On Weezer’s most underrated album, the band brought its own fireworks

On Weezer’s most underrated album, the band brought its own fireworks

In Hear ThisA.V. Club writers sing the praises of songs they know well—some inspired by a weekly theme and some not, but always songs worth hearing. This week, in honor of Independence Day in the United States, our favorite songs with the word “America” in their titles or lyrics.

Here’s my pet theory about Weezer fandom: No matter what Weezer fans think of the band’s roller-coaster discography, fans will vehemently defend the Weezer album that came out during their junior year of high school. Like most rock-critic theories, this is complete and utter bullshit based on personal experience. Unlike most rock-crit theories, however, its claims are borne out by people who aren’t me, as evidenced by this informal Twitter poll. (Further flying in the face of convention and logic, the theory asserts the existence of people who enjoy 2005’s Make Believe.) Seemingly discrediting the theory is the fact that three classes of American high-school juniors went without a new Weezer record between the 1997-98 and 1999-2000 school years, meaning that the band has no fans born in 1983. Counterpoint: I’ve never met a Weezer fan born in 1983. If I meet a 31-year-old wearing an “If it’s too loud, turn it down” T-shirt in the next few months, I’ll be sure to alert the world’s major anthropological journals.

My junior-year Weezer record is Maladroit, which is a particular burden to bear because on the month of the record’s release, Rivers Cuomo showed up on the cover of Guitar World looking like this. The dude who once sang about looking just like Buddy Holly appeared to all the world like he now spent his spare time practicing finger taps in the Guitar Center showroom, and the opening track of Maladroit reinforces that image. “American Gigolo” was the heaviest Weezer ever sounded, to the point that I wondered if there was some sort of packaging mistake the first time I popped the CD into my car stereo. The overdriven crunch of the band’s first two full-lengths had clenched into a metallic snarl; Patrick Wilson’s drums sound like he accidentally wandered into a recording session with Mutt Lange. Weezer had made a stadium-rock record that didn’t feel the need to apologize for its stadium-rock ambitions, and “American Gigolo” was confirmation that lead single “Dope Nose” was no jokey fluke. The light-up version of the band’s logo, a longtime live staple, was no longer a winking nod toward Kiss; by the time Weezer hit the road with Dashboard Confessional and Sparta (oh, 2002!) that summer, the logo even spat flames.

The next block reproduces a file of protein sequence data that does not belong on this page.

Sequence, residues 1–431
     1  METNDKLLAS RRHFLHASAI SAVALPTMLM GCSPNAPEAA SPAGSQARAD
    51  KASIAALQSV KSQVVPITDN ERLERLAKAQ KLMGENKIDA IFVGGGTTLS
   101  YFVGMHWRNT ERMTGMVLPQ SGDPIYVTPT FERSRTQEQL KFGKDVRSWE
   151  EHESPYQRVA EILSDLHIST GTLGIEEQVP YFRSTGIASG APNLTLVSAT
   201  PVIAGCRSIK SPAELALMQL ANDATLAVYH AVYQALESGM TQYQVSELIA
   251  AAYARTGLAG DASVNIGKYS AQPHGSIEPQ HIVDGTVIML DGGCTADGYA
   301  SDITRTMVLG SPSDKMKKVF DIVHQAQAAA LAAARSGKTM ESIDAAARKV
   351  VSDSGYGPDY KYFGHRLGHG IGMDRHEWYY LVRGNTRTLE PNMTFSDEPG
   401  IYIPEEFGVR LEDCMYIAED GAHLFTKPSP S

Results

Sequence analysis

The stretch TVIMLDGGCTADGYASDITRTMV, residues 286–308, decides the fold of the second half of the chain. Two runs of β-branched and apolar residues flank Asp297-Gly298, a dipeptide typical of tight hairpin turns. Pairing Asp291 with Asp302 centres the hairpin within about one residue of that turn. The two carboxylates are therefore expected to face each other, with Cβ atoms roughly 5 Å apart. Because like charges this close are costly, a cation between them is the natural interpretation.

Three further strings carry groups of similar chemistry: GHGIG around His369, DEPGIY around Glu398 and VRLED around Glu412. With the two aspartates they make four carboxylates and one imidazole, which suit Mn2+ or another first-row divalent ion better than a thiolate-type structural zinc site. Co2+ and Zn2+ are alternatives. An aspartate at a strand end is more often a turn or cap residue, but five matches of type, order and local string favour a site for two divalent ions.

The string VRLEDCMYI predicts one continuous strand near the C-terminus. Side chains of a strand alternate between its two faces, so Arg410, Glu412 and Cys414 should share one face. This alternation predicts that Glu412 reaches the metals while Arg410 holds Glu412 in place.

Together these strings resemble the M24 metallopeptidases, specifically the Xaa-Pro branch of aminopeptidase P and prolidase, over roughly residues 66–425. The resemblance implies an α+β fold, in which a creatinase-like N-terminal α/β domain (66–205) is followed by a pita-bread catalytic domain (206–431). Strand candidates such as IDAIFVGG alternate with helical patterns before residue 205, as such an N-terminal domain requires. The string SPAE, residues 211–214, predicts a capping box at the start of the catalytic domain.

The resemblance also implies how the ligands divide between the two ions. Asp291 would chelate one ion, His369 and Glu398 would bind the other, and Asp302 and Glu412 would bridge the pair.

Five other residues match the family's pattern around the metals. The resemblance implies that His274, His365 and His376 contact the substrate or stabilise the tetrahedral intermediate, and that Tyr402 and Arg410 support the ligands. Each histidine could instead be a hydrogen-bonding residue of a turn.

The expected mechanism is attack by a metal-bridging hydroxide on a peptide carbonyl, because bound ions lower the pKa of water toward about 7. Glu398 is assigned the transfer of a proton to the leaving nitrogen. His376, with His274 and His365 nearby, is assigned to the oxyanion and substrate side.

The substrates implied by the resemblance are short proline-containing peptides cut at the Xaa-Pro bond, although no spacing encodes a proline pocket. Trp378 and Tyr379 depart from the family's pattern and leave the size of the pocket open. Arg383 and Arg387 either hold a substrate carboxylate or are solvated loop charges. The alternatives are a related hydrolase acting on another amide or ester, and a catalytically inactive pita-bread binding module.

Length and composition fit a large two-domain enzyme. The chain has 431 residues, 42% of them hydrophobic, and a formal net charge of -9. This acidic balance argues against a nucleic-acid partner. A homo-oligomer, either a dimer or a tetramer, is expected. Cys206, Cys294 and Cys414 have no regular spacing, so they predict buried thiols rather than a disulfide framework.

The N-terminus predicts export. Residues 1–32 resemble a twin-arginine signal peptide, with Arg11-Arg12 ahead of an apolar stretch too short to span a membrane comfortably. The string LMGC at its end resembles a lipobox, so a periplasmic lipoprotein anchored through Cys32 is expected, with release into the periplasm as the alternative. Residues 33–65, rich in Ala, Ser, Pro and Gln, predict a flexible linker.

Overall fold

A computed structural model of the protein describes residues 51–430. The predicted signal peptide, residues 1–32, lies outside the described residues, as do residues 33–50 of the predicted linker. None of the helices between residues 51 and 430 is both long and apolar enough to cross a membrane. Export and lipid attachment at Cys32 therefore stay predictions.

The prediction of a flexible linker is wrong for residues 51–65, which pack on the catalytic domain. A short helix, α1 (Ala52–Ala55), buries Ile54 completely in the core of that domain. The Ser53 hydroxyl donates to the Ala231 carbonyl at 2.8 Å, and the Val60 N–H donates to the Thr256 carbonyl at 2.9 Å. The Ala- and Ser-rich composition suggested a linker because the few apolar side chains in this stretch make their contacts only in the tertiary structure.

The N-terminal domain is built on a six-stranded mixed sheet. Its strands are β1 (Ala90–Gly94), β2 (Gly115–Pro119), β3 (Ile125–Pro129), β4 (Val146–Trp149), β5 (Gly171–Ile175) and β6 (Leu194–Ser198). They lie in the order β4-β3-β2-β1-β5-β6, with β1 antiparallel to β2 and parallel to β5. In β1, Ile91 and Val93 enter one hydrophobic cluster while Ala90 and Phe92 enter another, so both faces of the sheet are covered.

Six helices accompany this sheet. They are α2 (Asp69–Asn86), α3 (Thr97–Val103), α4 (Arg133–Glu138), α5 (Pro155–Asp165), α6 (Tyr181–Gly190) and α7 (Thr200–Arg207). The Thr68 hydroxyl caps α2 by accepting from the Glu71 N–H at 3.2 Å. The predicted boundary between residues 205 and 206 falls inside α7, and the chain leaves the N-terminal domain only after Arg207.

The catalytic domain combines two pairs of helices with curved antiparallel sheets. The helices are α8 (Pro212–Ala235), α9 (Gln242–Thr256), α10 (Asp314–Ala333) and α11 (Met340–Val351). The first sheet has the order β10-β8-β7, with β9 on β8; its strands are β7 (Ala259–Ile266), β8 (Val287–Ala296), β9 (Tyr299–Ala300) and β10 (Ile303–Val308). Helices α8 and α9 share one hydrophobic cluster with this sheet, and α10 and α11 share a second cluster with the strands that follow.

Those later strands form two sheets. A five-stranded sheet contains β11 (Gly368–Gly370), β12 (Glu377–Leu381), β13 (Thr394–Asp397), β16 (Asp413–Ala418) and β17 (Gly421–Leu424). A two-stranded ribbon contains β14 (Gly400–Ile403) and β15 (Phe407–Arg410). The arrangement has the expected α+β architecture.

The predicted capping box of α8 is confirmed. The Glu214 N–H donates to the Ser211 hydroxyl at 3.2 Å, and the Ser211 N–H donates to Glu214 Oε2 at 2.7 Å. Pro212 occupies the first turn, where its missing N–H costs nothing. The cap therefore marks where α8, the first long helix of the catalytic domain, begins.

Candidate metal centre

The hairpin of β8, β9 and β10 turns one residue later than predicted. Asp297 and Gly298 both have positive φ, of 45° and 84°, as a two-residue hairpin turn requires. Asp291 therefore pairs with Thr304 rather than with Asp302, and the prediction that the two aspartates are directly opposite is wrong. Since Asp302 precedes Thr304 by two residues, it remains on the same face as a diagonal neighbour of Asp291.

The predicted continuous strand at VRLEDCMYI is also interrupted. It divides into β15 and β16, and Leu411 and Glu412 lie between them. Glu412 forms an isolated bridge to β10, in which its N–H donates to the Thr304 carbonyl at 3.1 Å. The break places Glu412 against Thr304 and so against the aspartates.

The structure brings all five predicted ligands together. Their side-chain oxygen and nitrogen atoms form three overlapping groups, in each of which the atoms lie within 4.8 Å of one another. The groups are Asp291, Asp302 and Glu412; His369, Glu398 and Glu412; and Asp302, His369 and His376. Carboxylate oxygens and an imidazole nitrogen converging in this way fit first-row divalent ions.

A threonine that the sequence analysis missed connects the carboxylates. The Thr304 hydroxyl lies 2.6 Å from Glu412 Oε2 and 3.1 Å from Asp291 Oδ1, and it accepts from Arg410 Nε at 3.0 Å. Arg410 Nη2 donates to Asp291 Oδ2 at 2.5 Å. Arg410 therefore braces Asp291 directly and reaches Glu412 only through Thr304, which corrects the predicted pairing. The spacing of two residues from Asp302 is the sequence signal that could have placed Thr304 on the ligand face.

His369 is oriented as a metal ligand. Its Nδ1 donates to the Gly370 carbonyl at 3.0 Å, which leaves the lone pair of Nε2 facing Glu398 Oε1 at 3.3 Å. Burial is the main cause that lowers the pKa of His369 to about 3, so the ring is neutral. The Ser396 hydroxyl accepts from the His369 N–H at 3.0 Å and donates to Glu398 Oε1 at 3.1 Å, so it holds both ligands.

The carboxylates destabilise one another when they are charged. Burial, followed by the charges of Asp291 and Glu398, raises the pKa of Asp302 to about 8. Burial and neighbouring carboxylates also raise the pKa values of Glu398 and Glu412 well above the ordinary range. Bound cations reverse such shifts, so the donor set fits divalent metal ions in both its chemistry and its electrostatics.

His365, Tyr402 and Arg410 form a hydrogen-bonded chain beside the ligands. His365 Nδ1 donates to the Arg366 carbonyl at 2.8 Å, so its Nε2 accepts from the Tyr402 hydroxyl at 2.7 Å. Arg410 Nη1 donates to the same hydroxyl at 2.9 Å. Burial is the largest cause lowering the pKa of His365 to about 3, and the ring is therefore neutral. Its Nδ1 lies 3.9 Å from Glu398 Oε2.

“American Gigolo” is flame-spitting music. The Pixies- and Nirvana-indebted chug of the self-titled “blue album” and Pinkerton has rushed to the front of the mix, and convinced Cuomo that he’s a guitar god worthy of posing with Eddie Van Halen’s 5150. The song is a loud, snide rocker, at which smarty-pants Weezer fans (like myself) typically turned their noses up. But it feels less so with repeated plays, especially when those repeated plays rattle the windows of the used car that became the listener’s responsibility one year before Maladroit’s release. 

Because here’s the other thing about having a junior-year Weezer record: It’s a lesson in keeping your expectations in check. Pinkerton’s intense over-sharing was startling to the 17-year-olds of 1996; the suddenly slick sincerity of the band’s second self-titled record came as a shock to the junior class of 2001. But over-sharing and sincerity are signatures of our nation’s high schoolers, much like the mood swings on display in “American Gigolo.” Anyone who calls the track uncharacteristic tuned out before the middle eight, which is pure, hook-laden Weezer. (“American Gigolo” possesses one final teenage characteristic: It’s unpredictable.) Perhaps that’s why Weezer fans’ impressions of the band are suspended in amber: Eventually, most people grow out of these tendencies and have trouble relating to art that expresses them. Which is why Weezer will always have a self-replenishing fan base—so long as there are high-school juniors who feel like Rivers just, you know, gets them.

Yeah, I know. I know better than you can even conceive, kid.


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